What the Consumer Reports the Green Choice Title Means for New Cars

When looking for a new car, many people check Consumer Reports for information. As fuel line emissions become a bigger issue and the world moves towards electric vehicles, what does Consumer Reports’ green choice mean? Find out what this designation means for buyers and for cars.

What is Consumer Reports Green Choice?

The exhaust pipe of a truck | Joe Raedle/Getty Images

At first glance, the little green leaf doesn’t look like much. For automakers, getting the “green choice” recommendation is a big deal. The Green Choice designation from Consumer Reports means that the vehicle is among those that produce the least greenhouse gases.

In 2021, Consumer Reports decided to add the designation to help find the right car for buyers. In conjunction with the Environmental Protection Agency, the Green Choice title helps identify vehicles that emit less greenhouse gases.

In a portion of the January 2021 Annual Auto Survey, 61% of American adults who took the survey said emissions were a “very or somewhat” important factor in choosing a new car.

Many of Consumer Reports’ green cars are also the best

RELATED: Consumer Reports: The Most Reliable 3-Year-Old Toyota Cars

While tailpipe emissions are an issue for some people, CR suggests that a “green choice” car will also help you save money.

“In fact, owners of electric vehicles spend 60% less to power their vehicles than owners of conventional gasoline models.”

consumer reports

Many cars that regularly appear on CR’s “top picks” list also have the green pick sheet. Vehicles like the Toyota Prius, Toyota Camry and Tesla Model 3 all qualified. To earn Consumer Reports’ coveted green choice sheet on a vehicle, it must be in the top 20 percent of low tailpipe emissions. Specifically, “The EPA has certified this vehicle among the 20 percent lowest emitting passenger vehicles for its model year, based on government greenhouse gas and smog ratings.”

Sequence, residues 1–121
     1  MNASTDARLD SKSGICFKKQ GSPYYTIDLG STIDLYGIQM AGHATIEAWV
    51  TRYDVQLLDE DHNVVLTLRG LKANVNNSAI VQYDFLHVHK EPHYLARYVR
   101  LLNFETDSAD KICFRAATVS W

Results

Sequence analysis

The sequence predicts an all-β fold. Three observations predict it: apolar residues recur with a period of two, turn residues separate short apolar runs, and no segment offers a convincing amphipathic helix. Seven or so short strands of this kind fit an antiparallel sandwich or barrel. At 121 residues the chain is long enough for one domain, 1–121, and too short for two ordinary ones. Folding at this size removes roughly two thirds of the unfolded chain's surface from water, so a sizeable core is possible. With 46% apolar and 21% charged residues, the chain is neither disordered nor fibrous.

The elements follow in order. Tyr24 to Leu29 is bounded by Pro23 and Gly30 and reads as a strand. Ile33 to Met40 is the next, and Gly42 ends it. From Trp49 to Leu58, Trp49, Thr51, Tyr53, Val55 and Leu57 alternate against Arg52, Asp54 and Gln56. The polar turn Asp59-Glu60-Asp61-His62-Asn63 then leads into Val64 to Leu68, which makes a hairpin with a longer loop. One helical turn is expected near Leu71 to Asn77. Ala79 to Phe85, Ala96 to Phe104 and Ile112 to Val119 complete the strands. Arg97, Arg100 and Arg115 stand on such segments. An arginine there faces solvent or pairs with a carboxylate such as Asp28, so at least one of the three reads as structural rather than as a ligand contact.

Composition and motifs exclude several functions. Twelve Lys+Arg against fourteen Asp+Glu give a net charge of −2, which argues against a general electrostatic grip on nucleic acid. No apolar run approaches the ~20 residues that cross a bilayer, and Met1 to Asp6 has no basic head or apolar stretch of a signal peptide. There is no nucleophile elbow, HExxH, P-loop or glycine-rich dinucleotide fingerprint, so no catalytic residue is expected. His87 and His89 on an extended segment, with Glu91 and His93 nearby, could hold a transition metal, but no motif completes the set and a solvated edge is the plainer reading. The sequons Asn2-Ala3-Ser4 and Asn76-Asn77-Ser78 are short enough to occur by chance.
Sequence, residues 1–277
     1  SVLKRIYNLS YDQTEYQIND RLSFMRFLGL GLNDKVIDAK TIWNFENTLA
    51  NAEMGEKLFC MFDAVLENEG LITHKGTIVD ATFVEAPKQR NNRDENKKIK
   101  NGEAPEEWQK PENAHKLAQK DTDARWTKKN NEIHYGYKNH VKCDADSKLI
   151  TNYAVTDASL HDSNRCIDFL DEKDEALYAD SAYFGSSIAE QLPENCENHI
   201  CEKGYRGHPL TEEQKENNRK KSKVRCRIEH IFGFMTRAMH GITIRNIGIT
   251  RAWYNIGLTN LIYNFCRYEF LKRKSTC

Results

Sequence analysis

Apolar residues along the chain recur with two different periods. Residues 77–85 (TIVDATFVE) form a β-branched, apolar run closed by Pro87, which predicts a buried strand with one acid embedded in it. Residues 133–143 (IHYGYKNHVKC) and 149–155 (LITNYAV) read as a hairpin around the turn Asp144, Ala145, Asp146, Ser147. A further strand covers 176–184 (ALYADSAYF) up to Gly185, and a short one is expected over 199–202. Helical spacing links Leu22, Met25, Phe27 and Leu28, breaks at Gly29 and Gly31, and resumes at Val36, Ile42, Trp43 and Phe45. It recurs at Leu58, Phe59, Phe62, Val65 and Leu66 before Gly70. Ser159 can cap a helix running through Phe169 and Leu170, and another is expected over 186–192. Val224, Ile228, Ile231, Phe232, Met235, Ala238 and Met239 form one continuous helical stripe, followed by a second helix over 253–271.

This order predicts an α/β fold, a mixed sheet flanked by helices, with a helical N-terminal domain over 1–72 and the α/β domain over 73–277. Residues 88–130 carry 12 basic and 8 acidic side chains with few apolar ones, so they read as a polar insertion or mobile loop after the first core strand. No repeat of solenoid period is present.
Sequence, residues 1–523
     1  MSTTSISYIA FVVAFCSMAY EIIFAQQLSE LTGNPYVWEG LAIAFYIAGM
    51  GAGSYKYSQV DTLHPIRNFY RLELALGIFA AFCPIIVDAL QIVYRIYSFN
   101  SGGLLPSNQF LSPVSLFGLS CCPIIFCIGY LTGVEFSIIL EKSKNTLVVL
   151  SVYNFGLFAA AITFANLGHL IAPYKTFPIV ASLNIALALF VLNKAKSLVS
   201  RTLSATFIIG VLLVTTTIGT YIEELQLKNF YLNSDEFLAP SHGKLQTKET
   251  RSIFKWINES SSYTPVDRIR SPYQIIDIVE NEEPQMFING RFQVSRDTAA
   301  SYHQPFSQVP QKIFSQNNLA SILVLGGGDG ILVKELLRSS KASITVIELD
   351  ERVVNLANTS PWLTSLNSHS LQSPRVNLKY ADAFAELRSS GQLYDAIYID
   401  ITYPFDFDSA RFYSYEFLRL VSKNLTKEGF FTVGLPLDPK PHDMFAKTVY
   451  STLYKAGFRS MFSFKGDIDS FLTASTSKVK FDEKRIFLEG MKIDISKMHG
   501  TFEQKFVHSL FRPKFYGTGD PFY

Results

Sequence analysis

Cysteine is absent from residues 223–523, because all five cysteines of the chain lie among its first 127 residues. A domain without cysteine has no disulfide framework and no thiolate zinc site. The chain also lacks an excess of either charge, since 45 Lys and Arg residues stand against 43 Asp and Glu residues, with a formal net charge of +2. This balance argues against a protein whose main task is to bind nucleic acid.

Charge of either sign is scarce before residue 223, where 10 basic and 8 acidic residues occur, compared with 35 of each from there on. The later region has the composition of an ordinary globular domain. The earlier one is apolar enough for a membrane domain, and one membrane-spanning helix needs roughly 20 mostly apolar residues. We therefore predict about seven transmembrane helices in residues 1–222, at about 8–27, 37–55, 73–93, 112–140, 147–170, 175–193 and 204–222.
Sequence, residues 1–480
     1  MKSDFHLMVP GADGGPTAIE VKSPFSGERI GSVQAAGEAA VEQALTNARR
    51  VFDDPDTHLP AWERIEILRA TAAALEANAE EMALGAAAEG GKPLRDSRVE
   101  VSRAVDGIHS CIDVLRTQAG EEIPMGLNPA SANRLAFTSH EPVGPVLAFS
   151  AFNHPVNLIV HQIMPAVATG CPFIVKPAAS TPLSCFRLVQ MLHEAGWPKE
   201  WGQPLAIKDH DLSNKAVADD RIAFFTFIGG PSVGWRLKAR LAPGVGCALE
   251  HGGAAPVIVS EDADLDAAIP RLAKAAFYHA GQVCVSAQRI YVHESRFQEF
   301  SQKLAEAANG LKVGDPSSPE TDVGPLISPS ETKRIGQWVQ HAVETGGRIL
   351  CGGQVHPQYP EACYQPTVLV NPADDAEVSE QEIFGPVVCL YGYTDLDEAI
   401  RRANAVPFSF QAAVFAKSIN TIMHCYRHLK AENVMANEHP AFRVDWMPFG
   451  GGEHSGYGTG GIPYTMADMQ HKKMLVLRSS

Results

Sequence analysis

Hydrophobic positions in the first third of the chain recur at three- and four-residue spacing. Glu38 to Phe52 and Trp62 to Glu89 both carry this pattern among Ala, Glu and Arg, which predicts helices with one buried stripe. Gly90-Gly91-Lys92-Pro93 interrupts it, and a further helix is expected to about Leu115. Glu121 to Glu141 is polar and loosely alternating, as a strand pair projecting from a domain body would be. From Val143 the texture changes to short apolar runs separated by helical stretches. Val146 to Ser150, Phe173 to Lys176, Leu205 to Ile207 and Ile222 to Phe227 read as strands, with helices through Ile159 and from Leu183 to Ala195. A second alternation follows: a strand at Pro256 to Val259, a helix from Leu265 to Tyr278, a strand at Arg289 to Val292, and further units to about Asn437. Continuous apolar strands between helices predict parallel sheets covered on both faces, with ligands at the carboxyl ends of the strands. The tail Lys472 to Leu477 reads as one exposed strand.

Some older cars also received the CR title. This means buyers can check on an older vehicle to see if it still qualifies. CR experts went back and applied the recommendation to cars as early as 2016.

Look for the sheet next to the “recommended” marker

” src=”https://www.youtube.com/embed/m4uM7QZxC_U?feature=oembed” frameborder=”0″ allow=”accelerometer; automatic reading; clipboard-write; encrypted media; gyroscope; picture in picture” allow full screen >

Readers can find the green leaf on Consumer Reports’ ratings and model pages. If the car, truck or SUV meets these guidelines, the “GREEN CHOICE” sheet will be at the top of the page next to the year, make and model. Right next to the “RECOMMENDED” designation, which is also a big deal.

Every year there are more options on the market as the world shifts to electric vehicles. This year, more electric SUVs and electric trucks are hitting the market than ever before. Many of them will earn the Green Choice designation from Consumer Reports, and the market is expected to continue to grow as fewer gas-powered cars are produced.

For now, keep an eye on the little leaf if you’re worried about exhaust emissions and fuel economy.

RELATED: Consumer Reports Best American SUVs Under $50,000

Comments are closed.